Luke Stewart: “I prefer and most of us prefer the term creative music, because it places us in an appropriate historical context, from where we are coming from. Some of us being trained musicians through the university or through the active plain in the community, in a scene, or a combination of both. This music that people have called free jazz and free improvisation over the year, the historical context comes from a place of struggle, which is very prevalent in the United States for practitioners of this music. And the root of it comes from improvisation. If you look at the black experience in America – the black cultural and musical experience in America – it is rooted in improvisation, it is rooted in that approach, concept, in that necessity of the struggle of the United States to find a form of expression that will liberate our minds from the everyday struggle, from slavery, or really from the Middle Passage and colonialism, to slavery, to Jim Crow, to the civil rights movement, to Akai Gurley and the Black Lives Matter movement. It is rooted in that concept and you look at every form of music that comes out of the United States, every form of popular music that comes out of the United States, you can trace its roots to an improvising black community. A black community that is rooted in musical expression, enslaved africans in the US would improvise words into hymns and music as both a form of spiritual liberation and as a form of literal liberation (directions on the underground railroad) to the point where the blues comes out. Where you are improvising on a certain mood – a set of notes – but it is a mood, it is a way of being, a way of life, a way of existing. To everything else that happened after the blues: jazz, r’n’b, rock and roll, hiphop, of course – and techno. That is the root of the potency of this music. In this group we are at the same time re-contextualizing the music, but we are also making a very contemporary sound. As contemporary as that work can get. It is happening on stage. The words, the music and the sounds are immediate.”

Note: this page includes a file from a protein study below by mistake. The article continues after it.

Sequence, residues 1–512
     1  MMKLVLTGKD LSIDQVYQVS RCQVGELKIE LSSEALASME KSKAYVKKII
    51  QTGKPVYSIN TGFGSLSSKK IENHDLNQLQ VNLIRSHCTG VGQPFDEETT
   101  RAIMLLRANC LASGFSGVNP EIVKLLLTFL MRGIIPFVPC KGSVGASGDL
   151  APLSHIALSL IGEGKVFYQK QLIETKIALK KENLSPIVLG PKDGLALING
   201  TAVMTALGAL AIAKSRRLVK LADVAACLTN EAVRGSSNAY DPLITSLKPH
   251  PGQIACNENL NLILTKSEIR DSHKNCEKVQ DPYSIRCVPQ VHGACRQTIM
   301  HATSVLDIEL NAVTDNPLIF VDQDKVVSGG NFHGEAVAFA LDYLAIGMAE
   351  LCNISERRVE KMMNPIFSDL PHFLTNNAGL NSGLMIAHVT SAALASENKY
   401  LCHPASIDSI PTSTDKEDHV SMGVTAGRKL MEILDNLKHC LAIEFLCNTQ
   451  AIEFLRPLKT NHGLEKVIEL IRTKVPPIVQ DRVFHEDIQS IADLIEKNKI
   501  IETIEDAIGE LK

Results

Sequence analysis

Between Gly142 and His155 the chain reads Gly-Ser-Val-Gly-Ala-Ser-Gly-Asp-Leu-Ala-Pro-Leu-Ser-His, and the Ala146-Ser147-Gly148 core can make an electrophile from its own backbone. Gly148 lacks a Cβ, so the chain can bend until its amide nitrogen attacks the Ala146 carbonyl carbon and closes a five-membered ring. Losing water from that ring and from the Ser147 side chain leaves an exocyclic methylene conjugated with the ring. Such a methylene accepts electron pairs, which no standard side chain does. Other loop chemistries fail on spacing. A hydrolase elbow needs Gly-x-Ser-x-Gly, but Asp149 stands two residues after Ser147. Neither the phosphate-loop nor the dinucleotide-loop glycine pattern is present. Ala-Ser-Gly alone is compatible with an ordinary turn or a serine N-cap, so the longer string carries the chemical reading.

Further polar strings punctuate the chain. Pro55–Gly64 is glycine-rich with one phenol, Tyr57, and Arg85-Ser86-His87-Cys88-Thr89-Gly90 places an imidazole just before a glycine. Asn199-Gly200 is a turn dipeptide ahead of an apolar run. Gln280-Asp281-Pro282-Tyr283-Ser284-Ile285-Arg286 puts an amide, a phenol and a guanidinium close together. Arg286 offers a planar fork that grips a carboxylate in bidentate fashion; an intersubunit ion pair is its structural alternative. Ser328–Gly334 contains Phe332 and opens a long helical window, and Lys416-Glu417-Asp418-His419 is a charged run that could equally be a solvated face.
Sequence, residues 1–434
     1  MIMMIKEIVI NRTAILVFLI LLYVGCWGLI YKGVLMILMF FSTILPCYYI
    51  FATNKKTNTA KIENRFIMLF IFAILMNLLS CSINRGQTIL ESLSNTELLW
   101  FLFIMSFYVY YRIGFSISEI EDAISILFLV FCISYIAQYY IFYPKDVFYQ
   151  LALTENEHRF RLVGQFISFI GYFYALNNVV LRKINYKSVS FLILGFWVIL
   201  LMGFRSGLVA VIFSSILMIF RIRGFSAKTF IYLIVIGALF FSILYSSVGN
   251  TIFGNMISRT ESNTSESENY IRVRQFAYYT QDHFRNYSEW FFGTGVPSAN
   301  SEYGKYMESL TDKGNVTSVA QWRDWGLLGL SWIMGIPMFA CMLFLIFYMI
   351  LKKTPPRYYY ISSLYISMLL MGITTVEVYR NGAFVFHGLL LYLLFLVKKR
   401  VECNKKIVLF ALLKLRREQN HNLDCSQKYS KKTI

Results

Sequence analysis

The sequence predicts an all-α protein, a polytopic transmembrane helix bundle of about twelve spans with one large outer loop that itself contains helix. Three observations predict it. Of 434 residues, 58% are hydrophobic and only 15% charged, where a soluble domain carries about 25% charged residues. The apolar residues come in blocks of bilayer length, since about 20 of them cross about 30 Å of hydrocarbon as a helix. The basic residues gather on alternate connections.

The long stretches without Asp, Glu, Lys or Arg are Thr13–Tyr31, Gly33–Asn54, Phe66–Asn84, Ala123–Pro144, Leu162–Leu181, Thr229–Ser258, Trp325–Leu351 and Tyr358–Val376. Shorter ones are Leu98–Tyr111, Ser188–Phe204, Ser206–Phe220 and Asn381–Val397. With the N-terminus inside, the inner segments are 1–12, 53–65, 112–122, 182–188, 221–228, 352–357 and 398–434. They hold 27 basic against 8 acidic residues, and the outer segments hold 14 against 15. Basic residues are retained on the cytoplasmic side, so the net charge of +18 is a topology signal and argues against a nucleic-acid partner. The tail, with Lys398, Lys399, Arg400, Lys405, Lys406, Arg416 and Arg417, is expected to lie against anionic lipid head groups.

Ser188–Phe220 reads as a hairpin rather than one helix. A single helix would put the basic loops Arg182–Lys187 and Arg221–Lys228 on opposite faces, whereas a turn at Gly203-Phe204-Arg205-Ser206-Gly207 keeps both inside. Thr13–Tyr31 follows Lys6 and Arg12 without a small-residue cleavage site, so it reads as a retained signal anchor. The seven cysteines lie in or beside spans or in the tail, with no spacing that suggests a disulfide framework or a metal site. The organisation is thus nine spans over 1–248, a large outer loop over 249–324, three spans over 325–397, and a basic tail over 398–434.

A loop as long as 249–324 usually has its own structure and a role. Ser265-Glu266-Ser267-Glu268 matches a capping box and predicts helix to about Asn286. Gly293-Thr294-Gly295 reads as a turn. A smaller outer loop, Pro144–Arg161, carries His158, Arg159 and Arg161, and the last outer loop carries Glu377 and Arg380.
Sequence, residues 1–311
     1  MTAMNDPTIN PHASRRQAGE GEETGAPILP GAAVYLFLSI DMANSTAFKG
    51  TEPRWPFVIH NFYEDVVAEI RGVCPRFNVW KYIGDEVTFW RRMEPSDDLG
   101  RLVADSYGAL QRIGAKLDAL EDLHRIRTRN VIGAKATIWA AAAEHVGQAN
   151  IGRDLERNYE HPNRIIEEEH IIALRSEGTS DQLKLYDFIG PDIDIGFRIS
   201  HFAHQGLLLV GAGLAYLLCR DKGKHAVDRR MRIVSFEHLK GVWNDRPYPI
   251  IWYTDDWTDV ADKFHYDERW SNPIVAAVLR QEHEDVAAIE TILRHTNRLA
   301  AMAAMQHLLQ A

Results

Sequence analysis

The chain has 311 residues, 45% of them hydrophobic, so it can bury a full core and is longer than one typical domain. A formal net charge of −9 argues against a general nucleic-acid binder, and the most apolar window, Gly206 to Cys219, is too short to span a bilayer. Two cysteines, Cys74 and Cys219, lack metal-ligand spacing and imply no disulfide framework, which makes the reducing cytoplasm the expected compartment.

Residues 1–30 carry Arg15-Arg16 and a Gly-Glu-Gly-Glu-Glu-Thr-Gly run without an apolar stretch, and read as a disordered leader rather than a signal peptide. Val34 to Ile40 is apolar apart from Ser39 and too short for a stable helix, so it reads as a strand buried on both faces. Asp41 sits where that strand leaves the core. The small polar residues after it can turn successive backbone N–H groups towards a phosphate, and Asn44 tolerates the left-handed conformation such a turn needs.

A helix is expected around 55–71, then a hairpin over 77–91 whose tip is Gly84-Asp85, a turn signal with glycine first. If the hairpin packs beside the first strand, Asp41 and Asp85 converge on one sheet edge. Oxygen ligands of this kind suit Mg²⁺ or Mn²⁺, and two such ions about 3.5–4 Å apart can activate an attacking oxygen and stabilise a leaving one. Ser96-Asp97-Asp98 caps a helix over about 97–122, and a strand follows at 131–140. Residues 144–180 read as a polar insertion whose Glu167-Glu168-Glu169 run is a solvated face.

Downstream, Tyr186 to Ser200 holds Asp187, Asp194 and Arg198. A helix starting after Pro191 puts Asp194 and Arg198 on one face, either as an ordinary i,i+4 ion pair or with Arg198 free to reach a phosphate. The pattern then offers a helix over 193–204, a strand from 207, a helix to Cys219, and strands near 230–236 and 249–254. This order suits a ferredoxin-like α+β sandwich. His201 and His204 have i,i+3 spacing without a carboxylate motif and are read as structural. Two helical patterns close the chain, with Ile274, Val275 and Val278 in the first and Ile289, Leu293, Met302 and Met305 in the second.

Q: What was the song where Camae talks about breaking up “the rhythm of oppression”?

TCHESER HOLMES: “That’s one of my favorite parts too! … If you are asking for a title, it might be difficult to give you. The way it works out on our record is different than the way it works out on the stage … For me it’s interesting to be a part of this band. I’m one of the younger members. It’s a way of freeing yourself first. Coming from a major city, New York City, it’s a North American icon, but being from there, going through that and really understanding liberation, globally it starts with yourself (…) When she says that – ‘the rhythm of oppression’ – it really sticks out for me, because everything is energy, everything has a rhythm – so how destructive must that be, the rhythm of expression? What does that sound like? I think of a train rolling over the largest boulder with dynamite. Like what the f***? What is the rhythm of oppression? Getting whipped to drums? At some point this music goes past racial divides and goes straight into spiritual energy for me.”


Q: What is some of your musical and spiritual guides?

AQUILES NAVARRO: “I think we share a big reverence for the history of this music. Part of what it is to be a part of this music is to really asses the lines, all of the pathways that has been cleared for us to be here and we could spend a long time naming the grandfathers and the grandmothers. They are out there. I say that to define why I’m not going to go heavy into the musical guides. As far as spiritual guides, everyone might have an individual way of approaching that one. I have been asked that question for years and year, because I don’t have a standardized spiritual practice, but I have been making music my whole life. What I find really important – I do not divide the spiritual, the political and the artistic. For me music is about relationships. We talk about creativity and the collaborative act, but then we also talk about the act of collaboration with the audience, and we also talk about those connections that are forged through collaboration and also through playing for an audience, talking to people. That’s relationships. That’s political. We are friends now and friends don’t harm each other. They can push each other, they can demand more from each other, they can fight, but they don’t harm each other. This is a political act, but it is also a spiritual act. Because many people think of the spiritual act as where that really deep kind of love lives. The thing about building relationships and working together, even if it is between the audience and musician, we are still making a thing happen together.”